Suzuki really matches their piston assemblies well. They are usually only 3 or 4 grams different, at most. So you don't have to grind much. Never had a dremel. But you could post even closer weights that my clumsy method.

I can get them within a 1.5 cm square sheet of thin paper's weight apart with no problem.
Thing is to not wimp out. If you have to grind a little metal, then grind it. You won't weaken the cap.

Some reading this will probably not like it; it is a static balance job; a fellow in Germany has a great site with pictures on how to dynamically balance engines, but for most of us on a 'shoestring budget' a static balance provides noticable results with minimal effort and minimal expense.
It really doesn't add but 15 mins or so to your rebuild. That's why our parents sent us to school, right?... to learn. Just apply that knowlege to real life.

Now on your crank, you will have to consult a professional machinist. That mass has to be balanced on an expensive machine. So if you start grinding on it, prepare to pay some big bucks.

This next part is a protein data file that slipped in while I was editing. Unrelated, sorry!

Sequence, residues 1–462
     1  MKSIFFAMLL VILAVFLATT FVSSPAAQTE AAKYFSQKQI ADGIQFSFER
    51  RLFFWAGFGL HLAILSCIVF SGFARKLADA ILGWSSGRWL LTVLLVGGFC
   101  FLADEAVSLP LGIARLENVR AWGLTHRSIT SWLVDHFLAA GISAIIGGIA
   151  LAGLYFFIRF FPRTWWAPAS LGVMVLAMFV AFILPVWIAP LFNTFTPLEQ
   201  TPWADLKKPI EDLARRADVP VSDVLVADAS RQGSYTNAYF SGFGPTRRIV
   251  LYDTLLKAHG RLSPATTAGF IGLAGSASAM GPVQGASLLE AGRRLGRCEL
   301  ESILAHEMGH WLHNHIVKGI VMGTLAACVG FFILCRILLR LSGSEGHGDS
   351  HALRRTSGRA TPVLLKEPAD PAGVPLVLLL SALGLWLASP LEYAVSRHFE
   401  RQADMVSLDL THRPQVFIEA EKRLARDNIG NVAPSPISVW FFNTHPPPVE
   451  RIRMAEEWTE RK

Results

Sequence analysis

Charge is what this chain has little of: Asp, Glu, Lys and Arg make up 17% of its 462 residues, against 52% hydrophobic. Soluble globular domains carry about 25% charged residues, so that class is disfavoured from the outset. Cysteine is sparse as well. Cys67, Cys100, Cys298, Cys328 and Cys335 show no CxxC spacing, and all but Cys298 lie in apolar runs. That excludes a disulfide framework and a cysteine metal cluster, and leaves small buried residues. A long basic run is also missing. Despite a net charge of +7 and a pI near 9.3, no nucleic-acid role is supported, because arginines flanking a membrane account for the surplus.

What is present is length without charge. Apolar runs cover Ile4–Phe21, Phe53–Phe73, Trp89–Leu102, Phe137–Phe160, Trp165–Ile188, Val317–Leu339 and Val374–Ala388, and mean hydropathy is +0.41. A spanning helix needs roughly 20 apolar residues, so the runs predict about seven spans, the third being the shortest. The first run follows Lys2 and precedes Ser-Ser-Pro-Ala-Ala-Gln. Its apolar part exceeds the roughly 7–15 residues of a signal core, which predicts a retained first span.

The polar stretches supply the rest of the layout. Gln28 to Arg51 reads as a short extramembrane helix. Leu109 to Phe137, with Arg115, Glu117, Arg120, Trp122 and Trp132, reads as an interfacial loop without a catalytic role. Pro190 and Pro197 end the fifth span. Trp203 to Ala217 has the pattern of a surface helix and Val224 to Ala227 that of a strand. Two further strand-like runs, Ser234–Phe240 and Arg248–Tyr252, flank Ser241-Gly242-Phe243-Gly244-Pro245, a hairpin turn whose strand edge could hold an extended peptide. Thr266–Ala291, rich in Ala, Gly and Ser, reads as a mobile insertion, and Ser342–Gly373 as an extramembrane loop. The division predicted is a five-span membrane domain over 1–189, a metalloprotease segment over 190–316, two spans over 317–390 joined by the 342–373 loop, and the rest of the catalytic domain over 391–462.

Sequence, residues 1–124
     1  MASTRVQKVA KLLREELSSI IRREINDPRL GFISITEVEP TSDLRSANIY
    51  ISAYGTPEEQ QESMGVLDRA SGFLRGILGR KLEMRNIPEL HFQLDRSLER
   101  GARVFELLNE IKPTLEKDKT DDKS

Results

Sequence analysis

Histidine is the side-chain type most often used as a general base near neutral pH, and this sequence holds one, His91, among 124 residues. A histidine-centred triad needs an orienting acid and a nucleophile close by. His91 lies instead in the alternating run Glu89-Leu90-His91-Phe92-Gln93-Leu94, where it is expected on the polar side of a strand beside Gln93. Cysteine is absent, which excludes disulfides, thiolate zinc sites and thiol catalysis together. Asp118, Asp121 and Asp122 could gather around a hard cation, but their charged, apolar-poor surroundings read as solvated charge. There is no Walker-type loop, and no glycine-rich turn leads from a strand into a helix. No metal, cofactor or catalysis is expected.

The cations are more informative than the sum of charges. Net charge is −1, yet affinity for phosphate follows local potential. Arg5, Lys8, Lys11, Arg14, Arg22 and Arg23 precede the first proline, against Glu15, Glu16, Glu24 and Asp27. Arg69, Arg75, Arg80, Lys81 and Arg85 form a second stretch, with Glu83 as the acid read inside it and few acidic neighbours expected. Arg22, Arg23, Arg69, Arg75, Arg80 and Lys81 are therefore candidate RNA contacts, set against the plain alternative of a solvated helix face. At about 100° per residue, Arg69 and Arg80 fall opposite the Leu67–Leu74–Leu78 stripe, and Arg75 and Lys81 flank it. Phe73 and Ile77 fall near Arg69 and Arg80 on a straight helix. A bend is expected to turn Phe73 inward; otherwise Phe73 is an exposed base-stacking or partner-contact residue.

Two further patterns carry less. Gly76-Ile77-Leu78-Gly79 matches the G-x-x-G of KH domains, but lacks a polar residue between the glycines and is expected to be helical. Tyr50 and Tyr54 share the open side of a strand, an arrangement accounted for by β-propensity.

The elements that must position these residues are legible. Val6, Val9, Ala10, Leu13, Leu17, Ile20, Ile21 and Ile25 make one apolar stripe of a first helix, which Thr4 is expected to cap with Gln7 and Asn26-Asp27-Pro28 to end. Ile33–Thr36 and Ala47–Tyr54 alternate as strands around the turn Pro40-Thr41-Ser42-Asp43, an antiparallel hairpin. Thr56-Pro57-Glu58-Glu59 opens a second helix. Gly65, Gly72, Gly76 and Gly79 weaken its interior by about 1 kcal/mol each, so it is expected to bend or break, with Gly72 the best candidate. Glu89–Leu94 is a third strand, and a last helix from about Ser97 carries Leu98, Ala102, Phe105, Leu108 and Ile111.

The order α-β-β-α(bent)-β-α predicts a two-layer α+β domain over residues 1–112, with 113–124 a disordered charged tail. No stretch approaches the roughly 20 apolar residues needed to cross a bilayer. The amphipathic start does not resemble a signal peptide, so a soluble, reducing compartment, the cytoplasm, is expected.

With your flywheel: I know you are dealing with some of the cleverest fellows in Canada...Jardamuth, for one. You stick with what they say, for they have a lot more experience with these engines than most of us. They can be your best friend. Just go back and read some of their posts. That way you aren't making them repeat themselves. They have the education and the experience.

Your 'bumflit' town is like many throughout the world; a great place to be. The machinist will provide you with excellent information. You might stop by with some beer near closing time and ask him/them some questions. Sometimes they send things out for balancing. They can get your brain started.